2. To understand components, you must know that in most cases, components are closer to a to C business, and channels, word-of-mouth, brand, and supply chain are more critical, rather than the to G scenario of centralized power stations. And most of the leading module manufacturers are actually based overseas. For example, Trina Solar, JA Solar and JinkoSolar all account for more than 70% of their overseas revenue. Most of the remaining 30% of domestic revenue is distributed photovoltaics. It is the scene on the household and industrial side, so what Tongwei can really affect is the centralized photovoltaic, which itself does not account for a large proportion of the revenue of the leader.
3. Even in the scenario of centralized photovoltaics, if you carefully check the previous bidding data, basically the second-tier module manufacturers will bid 5 cents to 1 cent lower when they compete with the first-tier ones. Therefore, for a newcomer like Tongwei, this is a normal tactical behavior and cannot rise to a strategic height. But because it was Tongwei this time, the capital market amplified this sentiment.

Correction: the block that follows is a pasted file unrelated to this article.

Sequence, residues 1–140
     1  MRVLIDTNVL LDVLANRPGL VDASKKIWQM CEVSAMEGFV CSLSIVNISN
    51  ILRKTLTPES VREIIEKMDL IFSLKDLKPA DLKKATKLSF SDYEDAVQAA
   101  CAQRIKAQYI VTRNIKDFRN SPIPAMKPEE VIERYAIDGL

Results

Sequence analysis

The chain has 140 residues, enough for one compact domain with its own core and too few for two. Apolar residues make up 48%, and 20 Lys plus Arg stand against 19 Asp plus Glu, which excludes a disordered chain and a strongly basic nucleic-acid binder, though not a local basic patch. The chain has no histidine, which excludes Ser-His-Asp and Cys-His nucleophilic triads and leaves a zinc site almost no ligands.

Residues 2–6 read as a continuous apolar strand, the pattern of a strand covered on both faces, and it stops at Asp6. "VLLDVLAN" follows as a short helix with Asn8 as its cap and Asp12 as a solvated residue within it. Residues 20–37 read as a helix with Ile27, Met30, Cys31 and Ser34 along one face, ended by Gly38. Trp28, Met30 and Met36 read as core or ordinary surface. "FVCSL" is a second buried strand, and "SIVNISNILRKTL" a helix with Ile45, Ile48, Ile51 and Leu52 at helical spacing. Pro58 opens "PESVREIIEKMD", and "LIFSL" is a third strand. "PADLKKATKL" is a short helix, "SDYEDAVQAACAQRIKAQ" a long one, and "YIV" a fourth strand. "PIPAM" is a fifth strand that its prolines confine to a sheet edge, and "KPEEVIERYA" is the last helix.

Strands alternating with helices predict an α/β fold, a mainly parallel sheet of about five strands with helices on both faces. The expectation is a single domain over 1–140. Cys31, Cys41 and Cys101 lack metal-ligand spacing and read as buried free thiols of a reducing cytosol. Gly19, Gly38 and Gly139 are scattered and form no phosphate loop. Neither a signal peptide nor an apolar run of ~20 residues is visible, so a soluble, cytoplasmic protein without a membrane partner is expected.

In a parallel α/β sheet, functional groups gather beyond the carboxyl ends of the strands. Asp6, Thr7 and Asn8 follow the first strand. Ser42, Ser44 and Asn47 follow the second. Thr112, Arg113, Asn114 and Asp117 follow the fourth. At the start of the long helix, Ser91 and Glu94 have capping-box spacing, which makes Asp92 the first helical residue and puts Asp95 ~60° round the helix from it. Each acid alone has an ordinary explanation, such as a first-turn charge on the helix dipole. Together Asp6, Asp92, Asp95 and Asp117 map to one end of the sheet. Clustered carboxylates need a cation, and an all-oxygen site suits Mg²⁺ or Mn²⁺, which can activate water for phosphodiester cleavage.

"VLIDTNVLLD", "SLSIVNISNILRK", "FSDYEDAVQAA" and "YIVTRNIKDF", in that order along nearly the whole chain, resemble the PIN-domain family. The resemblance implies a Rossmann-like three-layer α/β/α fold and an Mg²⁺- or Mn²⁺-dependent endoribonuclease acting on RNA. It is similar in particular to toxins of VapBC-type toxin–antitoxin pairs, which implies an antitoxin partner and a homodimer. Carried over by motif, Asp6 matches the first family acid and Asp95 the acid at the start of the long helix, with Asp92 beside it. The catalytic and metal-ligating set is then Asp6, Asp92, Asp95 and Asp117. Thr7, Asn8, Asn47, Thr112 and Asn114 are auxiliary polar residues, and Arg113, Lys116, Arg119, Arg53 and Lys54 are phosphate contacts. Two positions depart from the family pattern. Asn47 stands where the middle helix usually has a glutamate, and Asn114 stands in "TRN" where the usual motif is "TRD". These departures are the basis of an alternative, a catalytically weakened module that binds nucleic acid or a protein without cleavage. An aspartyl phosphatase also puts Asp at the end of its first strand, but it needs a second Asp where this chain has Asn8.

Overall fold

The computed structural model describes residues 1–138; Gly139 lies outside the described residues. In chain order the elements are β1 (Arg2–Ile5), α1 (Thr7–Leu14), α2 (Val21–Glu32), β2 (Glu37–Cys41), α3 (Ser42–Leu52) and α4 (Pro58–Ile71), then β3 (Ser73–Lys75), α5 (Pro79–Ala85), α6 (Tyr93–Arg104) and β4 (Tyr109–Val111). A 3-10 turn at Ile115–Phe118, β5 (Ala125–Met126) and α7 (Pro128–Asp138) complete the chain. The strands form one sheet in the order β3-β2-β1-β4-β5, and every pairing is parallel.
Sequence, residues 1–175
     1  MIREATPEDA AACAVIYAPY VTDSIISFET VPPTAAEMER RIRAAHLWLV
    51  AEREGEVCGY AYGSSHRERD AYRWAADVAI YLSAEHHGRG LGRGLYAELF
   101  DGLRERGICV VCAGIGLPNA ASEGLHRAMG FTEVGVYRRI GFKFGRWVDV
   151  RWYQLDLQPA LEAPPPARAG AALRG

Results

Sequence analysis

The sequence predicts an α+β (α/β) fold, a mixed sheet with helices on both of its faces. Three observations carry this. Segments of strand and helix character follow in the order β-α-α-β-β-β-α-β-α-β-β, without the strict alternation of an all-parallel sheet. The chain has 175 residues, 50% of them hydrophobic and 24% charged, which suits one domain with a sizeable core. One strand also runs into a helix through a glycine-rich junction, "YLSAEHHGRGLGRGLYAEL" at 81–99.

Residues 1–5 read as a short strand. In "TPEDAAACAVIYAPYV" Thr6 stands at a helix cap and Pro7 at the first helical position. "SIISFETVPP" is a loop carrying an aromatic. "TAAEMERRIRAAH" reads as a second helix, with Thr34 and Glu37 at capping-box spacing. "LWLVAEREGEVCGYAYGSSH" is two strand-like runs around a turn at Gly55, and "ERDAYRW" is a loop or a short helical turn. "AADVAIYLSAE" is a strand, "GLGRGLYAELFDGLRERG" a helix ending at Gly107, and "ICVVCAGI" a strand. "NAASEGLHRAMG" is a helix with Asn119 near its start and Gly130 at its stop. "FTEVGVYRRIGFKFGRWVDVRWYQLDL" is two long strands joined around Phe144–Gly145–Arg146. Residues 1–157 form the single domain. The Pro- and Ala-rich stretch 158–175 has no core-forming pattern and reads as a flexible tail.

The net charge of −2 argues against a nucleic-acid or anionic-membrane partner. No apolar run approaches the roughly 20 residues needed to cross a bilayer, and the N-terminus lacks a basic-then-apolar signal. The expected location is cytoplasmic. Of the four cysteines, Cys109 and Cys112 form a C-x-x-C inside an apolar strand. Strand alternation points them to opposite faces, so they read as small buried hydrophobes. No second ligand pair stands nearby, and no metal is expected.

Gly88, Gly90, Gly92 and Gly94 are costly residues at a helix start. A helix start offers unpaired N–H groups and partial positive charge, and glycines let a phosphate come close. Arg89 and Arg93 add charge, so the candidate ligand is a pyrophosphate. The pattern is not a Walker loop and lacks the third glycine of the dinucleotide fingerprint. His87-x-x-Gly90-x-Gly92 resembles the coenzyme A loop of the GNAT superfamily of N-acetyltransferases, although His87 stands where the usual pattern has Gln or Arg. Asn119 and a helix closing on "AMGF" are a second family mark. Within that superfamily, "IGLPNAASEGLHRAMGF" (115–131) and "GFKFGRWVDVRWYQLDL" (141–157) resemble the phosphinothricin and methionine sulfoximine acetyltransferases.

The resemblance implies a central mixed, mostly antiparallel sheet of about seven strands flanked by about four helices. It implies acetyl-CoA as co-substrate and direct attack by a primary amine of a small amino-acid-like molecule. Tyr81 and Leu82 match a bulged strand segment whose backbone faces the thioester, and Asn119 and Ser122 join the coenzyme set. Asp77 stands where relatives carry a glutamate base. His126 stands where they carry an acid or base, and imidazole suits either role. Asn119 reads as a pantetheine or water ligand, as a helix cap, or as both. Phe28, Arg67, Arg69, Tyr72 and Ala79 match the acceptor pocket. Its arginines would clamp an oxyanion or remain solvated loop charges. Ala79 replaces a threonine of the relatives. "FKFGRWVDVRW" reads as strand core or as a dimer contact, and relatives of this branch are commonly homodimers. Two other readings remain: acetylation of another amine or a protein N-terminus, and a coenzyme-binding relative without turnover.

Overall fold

So is it possible for Tongwei to build channels, brands and supply chains in a short period of time with sufficient capital advantages and then attack traditional leaders? In other words, is Tongwei’s future strategic center a component?
My conclusion is that it is still difficult, or that this is not even Tongwei’s own strategy . Let’s break it down one by one.
In terms of channels; we take Trina Solar as an example to see how much time and effort it takes to build the current channel advantage. First of all, in terms of time, it took Trina Solar 20 years to establish a channel network in 97 countries. In terms of the number of distributors and installers, Europe (138 distributors, 761 installers), India (21 distributors, and installers) 152), Australia (32 distributors, 569 installers).